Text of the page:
Overview | User Interfaces | Main Features | Download and Installation | Related (Java) Projects | Acknowledgments

PAL icon PAL: Phylogenetic Analysis Library

A Java library for molecular evolution and phylogenetics
Version 1.4 (January 20, 2002)

The PAL project (http://www.pal-project.org) is a collaborative effort dedicated to provide a high quality Java library for use in molecular evolution and phylogenetics.

This package may be distributed under the terms of the GNU Lesser General Public License

Copyright (c) 1999-2002 PAL Development Core Team.


Core Team (with CVS rights):

Alexei Drummond (2000-)
email: a.drummond@auckland.ac.nz
School of Biological Sciences, University of Auckland, 3A Symonds Street, Auckland, New Zealand.

Ed Buckler (2001-)
email: buckler@statgen.ncsu.edu
Department of Genetics, North Carolina State University, 2523 Gardner Hall, Box 7614, Raleigh, NC 27695-7614, USA.

Korbinian Strimmer (1999-)
email: strimmer@stat.uni-muenchen.de
Department of Statistics, University of Munich, Ludwigstrasse 33, 80539 Munich, Germany.


Other Contributions:

Matthew G. Goode, University of Auckland (GUI, codon and alignment classes, utilities)
Sean Luke, University of Maryland (Random number generator)
Oliver G. Pybus, University of Oxford (Demographic models)
Andrew Rambaut, University of Oxford (Yang codon model, demographic models)
Jesse Stone, ? (Optimization code)


Overview:

The PAL project is a collaborative effort to provide a high quality Java library for use in molecular evolution and phylogenetics. Updates of PAL are released in regular intervals. At present (version 1.4) PAL consists of approximately 200 public classes/interfaces in 16 packages with a total of more than 35,000 lines of Java code. Please refer to the API documentation for a detailed description of all classes and methods available, and to the release history for an overview of the development history of PAL.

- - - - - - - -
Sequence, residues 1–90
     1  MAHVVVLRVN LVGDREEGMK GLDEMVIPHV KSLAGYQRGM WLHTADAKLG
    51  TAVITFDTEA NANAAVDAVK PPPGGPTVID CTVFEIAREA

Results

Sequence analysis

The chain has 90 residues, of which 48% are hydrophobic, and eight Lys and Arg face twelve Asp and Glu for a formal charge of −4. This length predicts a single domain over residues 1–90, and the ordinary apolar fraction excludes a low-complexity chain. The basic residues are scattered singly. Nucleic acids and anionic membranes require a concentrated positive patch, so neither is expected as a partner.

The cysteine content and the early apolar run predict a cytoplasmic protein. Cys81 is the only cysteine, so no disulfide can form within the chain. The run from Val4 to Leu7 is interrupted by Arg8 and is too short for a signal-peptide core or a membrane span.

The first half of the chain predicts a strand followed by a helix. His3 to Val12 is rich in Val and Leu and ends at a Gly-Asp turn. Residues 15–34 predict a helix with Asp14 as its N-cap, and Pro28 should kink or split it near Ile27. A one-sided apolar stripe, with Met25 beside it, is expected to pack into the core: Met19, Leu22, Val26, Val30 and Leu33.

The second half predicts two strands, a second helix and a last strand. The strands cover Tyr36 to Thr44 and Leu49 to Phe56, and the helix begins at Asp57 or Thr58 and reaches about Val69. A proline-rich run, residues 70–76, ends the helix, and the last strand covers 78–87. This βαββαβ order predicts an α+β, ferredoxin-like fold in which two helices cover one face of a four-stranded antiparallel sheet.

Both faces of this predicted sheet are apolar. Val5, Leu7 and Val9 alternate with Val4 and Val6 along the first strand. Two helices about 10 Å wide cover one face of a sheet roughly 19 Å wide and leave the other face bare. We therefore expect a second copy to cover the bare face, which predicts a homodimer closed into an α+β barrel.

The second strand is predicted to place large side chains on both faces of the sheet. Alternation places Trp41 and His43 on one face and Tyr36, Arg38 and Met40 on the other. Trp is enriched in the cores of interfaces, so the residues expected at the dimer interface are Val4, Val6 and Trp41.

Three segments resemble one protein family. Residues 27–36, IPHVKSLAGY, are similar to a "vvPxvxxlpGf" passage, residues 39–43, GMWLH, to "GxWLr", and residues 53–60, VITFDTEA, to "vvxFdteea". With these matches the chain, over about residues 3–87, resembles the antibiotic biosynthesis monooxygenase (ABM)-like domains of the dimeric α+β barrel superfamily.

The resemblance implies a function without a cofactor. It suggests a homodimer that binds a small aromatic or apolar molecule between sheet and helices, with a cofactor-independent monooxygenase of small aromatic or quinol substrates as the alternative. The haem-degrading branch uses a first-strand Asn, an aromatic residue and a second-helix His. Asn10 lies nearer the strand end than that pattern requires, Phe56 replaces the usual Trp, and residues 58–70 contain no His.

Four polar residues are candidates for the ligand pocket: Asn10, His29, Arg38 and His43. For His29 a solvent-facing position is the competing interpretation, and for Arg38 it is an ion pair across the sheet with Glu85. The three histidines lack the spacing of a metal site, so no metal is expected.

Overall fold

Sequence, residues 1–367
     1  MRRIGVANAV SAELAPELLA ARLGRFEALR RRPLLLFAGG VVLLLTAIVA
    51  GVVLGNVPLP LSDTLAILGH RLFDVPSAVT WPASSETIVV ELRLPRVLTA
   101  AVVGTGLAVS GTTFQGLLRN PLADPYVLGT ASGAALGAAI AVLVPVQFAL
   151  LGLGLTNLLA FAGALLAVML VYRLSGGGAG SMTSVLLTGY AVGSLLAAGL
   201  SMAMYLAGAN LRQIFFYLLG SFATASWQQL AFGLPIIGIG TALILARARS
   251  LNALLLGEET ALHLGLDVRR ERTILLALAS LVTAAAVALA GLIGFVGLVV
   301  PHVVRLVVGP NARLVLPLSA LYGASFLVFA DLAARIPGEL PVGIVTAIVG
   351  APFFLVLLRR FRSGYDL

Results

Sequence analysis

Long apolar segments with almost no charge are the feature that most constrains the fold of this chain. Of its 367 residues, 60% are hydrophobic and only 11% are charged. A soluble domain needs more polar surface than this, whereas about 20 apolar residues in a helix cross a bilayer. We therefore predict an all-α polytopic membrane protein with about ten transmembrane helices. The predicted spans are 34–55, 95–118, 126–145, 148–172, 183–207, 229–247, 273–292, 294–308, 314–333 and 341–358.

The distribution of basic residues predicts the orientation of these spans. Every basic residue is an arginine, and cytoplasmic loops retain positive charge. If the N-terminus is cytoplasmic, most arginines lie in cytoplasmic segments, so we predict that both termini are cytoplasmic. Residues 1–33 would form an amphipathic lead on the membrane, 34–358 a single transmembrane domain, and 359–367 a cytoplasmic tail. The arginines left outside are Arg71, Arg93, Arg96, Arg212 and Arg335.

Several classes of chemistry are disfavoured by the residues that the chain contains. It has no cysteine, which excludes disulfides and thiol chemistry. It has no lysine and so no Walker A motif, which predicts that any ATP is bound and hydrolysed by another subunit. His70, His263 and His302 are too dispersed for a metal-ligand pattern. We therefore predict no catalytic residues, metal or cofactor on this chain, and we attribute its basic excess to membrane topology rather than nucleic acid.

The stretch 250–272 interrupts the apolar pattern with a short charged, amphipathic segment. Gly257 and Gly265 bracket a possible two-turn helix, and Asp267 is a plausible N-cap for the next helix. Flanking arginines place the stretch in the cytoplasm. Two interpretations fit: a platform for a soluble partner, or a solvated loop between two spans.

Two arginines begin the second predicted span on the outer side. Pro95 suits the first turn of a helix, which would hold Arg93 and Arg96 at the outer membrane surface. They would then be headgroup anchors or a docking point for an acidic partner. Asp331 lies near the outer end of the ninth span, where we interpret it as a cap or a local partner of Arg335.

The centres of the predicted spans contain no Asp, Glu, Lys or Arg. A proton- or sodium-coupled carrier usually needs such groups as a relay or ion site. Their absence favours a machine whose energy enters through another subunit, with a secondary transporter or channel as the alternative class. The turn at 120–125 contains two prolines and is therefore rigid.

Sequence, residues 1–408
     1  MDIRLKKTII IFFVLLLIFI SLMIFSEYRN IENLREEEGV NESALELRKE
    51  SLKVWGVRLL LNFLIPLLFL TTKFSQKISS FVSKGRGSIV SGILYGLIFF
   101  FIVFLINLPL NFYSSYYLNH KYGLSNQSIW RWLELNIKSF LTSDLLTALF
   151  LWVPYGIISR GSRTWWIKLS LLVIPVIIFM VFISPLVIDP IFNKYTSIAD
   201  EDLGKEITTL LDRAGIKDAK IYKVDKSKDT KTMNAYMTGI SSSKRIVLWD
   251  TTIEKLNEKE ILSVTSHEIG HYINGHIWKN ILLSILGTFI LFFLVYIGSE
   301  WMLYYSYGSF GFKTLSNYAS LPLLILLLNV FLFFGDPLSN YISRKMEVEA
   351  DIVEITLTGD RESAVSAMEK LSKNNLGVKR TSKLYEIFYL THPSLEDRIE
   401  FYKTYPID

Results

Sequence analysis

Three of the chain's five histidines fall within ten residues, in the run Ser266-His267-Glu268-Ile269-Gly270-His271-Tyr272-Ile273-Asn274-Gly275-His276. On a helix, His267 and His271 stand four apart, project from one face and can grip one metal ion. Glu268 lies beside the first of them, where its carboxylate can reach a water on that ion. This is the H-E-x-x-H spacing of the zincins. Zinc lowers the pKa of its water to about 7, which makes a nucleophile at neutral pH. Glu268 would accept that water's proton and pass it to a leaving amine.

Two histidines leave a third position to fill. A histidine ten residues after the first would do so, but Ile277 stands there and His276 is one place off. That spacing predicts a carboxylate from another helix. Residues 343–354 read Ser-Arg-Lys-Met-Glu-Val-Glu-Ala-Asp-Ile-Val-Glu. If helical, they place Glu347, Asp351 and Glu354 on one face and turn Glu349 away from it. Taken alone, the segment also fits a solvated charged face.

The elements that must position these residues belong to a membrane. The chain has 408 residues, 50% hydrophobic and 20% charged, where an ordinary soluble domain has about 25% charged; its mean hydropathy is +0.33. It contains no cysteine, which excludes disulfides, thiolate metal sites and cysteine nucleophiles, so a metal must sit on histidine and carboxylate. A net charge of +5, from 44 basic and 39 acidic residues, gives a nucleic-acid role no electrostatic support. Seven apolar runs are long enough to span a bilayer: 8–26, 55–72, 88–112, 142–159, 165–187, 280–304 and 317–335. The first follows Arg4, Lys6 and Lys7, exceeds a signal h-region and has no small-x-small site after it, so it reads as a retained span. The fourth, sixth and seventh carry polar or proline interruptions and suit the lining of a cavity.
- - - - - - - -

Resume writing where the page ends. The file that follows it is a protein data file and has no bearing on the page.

Please feel free to use PAL or parts of it in your own programs, the terms and conditions for copying, distribution and modification of the GNU Lesser General Public License apply. (Note that previous versions of PAL were licensed under the GNU GPL rather the GNU LGPL.)

Contributing code to PAL is greatly encouraged, please read the following guidelines.

If you wish to cite PAL please use

Drummond, A., and K. Strimmer. 2001. PAL: An object-oriented programming library for molecular evolution and phylogenetics. Bioinformatics 17: 662-663.

This paper provides an overview over PAL version 1.1.
back to top

User Interfaces:

PAL is designed as an object-oriented programming library, and as such it has no direct user interface. To access the methods and objects available in PAL you need to program in Java.

However, there are user-friendly programs available that rely (in part) on PAL to do their job. Be aware, however, that they will usually restrict functionality to some core features of PAL:

Three other ways of accessing the functionality in PAL without requiring Java programming experience are planned:
back to top

Main Features: